“Good Practice Gives Prompt Feedback. Knowing what you know and don’t know focuses learning. Students need appropriate feedback on performance to benefit from courses.” Chickering & Gamson.
Thinking About Time
Students crave and deserve prompt, meaningful feedback about their academic assignments. However, providing feedback quickly can be a challenge for teachers. In project-based courses, student success may depend on timely guidance with sequential assignments.
As I plan courses for the semester, I think about how I will use class time and grading time.
- I consider the alignment and weigh the relative value of assignments in course outcomes.
- I change the course assignments to reflect a realistic relationship between student learning and time (my time and student time).
- I develop efficient assignment grading strategies (rubrics, templates, checklists).
- I incorporate peer feedback activities.
- I use automated feedback from online quizzes and games.
And yet, there are still many high-level constructed assignments for which students need individual feedback. Some of us still do all the grading for our assigned courses. Others have teaching assistants or graders to support their courses. Regardless of whose time will be used for providing feedback, as Doug Robertson says, “Do the math.” Below are examples of how I think about the time needed to grade assignments.
- 20 students x 3 long paper assignments per student x 45 minutes average grading time per paper = 45 hours of grading time in one course over the semester. That might be reasonable if the course does not require extensive teaching preparation time.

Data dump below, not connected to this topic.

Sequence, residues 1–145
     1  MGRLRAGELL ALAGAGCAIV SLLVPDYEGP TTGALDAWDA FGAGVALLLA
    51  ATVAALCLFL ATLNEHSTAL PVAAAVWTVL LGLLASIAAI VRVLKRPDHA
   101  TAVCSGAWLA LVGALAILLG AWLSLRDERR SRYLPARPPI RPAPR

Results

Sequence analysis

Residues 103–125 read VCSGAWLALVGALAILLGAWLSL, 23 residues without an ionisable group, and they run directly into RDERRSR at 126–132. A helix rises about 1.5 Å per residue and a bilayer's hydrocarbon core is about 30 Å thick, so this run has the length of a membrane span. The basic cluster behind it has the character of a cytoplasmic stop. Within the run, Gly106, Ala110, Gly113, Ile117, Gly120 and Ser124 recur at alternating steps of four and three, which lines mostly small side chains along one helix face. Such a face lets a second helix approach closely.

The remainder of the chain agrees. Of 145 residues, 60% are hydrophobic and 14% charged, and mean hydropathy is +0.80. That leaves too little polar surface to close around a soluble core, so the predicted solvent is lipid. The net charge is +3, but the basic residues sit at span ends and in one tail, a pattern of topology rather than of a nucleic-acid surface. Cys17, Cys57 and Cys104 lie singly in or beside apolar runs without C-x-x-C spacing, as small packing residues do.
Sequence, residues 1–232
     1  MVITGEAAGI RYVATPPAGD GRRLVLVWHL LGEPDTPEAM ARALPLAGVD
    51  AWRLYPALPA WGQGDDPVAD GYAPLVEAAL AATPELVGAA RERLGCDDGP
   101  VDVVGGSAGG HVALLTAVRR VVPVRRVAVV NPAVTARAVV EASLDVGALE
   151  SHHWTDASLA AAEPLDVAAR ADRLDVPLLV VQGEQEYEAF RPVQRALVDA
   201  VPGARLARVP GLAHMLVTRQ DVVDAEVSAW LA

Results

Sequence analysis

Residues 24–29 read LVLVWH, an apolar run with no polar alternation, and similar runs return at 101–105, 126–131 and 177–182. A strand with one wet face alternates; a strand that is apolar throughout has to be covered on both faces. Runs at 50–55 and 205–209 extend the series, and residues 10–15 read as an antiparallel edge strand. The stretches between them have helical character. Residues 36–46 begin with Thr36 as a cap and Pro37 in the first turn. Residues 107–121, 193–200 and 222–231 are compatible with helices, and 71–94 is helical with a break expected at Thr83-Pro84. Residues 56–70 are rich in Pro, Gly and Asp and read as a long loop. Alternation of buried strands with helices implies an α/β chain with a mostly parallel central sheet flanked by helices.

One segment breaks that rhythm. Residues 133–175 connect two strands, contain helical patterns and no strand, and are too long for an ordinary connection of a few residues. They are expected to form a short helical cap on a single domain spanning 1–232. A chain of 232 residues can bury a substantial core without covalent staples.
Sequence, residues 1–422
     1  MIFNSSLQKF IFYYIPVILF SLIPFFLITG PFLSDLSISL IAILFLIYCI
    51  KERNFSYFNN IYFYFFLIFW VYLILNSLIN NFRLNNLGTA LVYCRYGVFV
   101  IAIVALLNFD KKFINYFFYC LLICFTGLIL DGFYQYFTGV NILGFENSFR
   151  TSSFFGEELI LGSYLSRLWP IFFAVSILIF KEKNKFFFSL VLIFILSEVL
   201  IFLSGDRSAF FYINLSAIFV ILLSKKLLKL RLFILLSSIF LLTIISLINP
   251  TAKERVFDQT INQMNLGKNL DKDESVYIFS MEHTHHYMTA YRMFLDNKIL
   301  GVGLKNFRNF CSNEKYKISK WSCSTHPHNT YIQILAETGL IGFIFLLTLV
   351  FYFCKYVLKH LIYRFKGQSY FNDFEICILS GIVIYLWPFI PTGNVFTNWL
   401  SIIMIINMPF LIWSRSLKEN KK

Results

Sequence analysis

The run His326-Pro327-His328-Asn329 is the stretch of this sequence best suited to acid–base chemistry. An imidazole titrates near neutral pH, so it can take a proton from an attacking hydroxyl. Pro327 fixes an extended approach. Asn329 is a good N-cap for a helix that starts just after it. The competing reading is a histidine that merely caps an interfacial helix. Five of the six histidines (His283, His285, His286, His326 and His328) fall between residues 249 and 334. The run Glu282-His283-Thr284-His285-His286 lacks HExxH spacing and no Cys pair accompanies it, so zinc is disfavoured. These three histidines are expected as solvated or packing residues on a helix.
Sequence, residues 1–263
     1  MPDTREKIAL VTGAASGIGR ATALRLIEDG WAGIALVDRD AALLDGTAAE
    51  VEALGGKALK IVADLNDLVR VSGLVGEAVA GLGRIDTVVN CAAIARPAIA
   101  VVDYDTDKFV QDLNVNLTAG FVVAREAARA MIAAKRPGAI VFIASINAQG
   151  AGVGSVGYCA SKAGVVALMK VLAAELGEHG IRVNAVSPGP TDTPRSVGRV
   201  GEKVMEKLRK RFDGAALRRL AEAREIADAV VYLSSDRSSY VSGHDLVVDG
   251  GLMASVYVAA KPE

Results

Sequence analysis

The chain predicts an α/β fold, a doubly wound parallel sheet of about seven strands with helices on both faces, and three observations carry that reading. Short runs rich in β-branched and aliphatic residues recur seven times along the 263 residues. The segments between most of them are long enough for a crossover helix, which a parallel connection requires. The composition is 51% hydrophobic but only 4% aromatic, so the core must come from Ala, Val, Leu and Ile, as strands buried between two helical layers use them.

- 120 students x 8 short written assignments x 10 minutes average grading time per assignment = 160 hours of grading time for one course over the semester. In that case, the hours just to grade these short assignments would likely far exceed the workload time assigned for the entire course. That is not likely to work out well. Unless you have an assigned grading assistant, consider redesigning the evaluation and assignment plans.
- 60 students x 2 large project assignments x 1 hour average grading time per project paper = 120 hours of grading time. Note that you would need to block out 30 hours/week for 2 weeks to grade each set of project assignments, and you would need to do that twice during the semester—just for one class.
Scheduling Time for Feedback and Grading
Once I’ve scheduled the assignments for my courses, I block out the grading time on my calendar. So if I estimate that will need about 30 hours to grade a major paper for the students in one course, I block out times in my calendar for several days of grading after that assignment is due. I’m not rigid about grading only at those the times. I change my schedule to accommodate other work, but having the time for grading appear on my calendar helps me to stay mindful of what I value.
Planning time in my semester schedule for prompt feedback means that I can appreciate what students have accomplished, provide students with thoughtful responses to their efforts, and give helpful recommendations for further developing their work. Behaving in a way that is congruent with my values about prompt feedback makes my work as a teacher more sustainable and more enjoyable.
Chickering, A.W, & Gamson, Z.F. (1987, March). Seven Principles for Good Practice in Undergraduate Education. AAHE Bulletin.
Robertson, D. R. (2003). Making time, making change: Avoiding overload in college teaching. New Forums Press.
Debbie Hagler, PhD, RN, ACNS-BC, CNE, CHSE, ANEF, FAAN
Clinical Professor & Coordinator, Scholarship of Teaching and Learning
College of Nursing & Health Innovation, Arizona State University